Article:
From Presence-Absence to Abundance: Application of the Occupancy Framework to Estimate Abundance

By Tim O’Brien

This blog is an accompaniment to the paper: Camera trapping reveals trends in forest duiker populations in African National Parks. Read the full paper here

Presence-absence surveys (more properly detection-nondetection surveys) and occupancy surveys, are often used as indicators of the health of wildlife population. Occupancy surveys use a replicated sampling design where sampling units are surveyed > 2 times, allowing estimation of the probability that a sampling unit is occupied, and provides unbiased estimated of occupancy and use. If we include features of the sampling unit relevant to species occurrence (i.e. proximity to roads) and detectability (i.e. vegetation density), then we can tailor detection probability and occupancy estimates to those features. Heterogeneity in detection probability is an important consideration in estimating abundance and distribution. As Andy Royle and Jim Nichols (Royle and Nicholls 2003) note, one of the most important sources of heterogeneity in detection is the variation in animal abundance among sites. Simply put, the more individuals in a sample unit, the more likely you are to detect at least one individual during surveys. They developed models to determine information about abundance from occupancy surveys.

Although Royle and Nichols published their insights in 2003, the models have not been widely tested or used. O’Brien and Kinnaird (2008) illustrated the use of Royle-Nichols models to estimate changes in abundance of Argus pheasant populations in a Sumatran national park, comparing the results to density estimates from line transect surveys. Gopalaswamy et al. (2012) used Royle-Nichols models to estimate abundance of tiger prey India and also compared them to line transect surveys. Linden et al. (2017) compared Royle-Nichols abundance estimates of fishers in New York to spatially explicit capture recapture estimates. These latter two studies conclude that, although abundance estimates were a bit lower for Royle-Nichols models compared to other sampling methods, the correlation between estimates was high (r = 0.975) indicating that Royle-Nichols estimates accurately track changes in density and abundance of other accepted, unbiased estimation procedures.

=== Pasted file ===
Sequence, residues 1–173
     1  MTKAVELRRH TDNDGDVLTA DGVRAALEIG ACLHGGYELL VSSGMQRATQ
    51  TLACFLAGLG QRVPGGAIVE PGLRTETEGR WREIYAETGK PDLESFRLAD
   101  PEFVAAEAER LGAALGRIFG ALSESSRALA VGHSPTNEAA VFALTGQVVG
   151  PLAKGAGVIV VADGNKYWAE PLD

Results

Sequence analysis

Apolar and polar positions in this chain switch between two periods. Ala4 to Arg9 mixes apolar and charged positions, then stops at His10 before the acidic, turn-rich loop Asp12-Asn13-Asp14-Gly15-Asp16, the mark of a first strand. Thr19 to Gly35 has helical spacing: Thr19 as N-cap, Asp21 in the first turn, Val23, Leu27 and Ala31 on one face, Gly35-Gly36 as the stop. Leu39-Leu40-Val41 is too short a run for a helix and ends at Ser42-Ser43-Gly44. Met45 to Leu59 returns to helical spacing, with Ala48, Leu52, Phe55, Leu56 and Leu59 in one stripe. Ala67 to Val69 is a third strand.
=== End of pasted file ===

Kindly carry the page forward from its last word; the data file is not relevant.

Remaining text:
Royle-Nichols models have potential for tracking trends in abundance for species that are rare, nocturnal, cryptic, or react to human presence. They are also useful for monitoring species that do not have distinctive individual identification marks. One group of animals sharing these features are forest duikers of Africa. Forest duikers range in size from 3 to 70 kg, are monogamous and territorial, and feed on leaves, shoots, seeds, fruits, and buds. This group lacks individual markings and includes species that are rare, nocturnal, and shy. Duikers are also widely hunted for bushmeat, so management requires a good understanding of trends in exploited populations.